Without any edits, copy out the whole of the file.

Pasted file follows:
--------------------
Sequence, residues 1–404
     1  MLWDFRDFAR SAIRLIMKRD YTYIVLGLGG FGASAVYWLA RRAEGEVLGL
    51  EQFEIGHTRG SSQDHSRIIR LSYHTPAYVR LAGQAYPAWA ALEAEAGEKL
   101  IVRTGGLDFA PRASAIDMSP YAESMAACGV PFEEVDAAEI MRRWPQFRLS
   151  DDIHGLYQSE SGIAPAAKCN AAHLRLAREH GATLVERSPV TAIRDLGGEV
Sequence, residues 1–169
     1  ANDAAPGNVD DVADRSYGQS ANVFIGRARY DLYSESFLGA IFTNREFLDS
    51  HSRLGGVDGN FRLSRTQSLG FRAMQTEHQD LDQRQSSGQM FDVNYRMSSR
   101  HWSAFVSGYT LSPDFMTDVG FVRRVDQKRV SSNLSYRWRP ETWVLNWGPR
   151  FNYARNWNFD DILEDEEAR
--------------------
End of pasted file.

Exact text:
Sequence, residues 1–404
     1  MLWDFRDFAR SAIRLIMKRD YTYIVLGLGG FGASAVYWLA RRAEGEVLGL
    51  EQFEIGHTRG SSQDHSRIIR LSYHTPAYVR LAGQAYPAWA ALEAEAGEKL
   101  IVRTGGLDFA PRASAIDMSP YAESMAACGV PFEEVDAAEI MRRWPQFRLS
   151  DDIHGLYQSE SGIAPAAKCN AAHLRLAREH GATLVERSPV TAIRDLGGEV
Sequence, residues 1–169
     1  ANDAAPGNVD DVADRSYGQS ANVFIGRARY DLYSESFLGA IFTNREFLDS
    51  HSRLGGVDGN FRLSRTQSLG FRAMQTEHQD LDQRQSSGQM FDVNYRMSSR
   101  HWSAFVSGYT LSPDFMTDVG FVRRVDQKRV SSNLSYRWRP ETWVLNWGPR
   151  FNYARNWNFD DILEDEEAR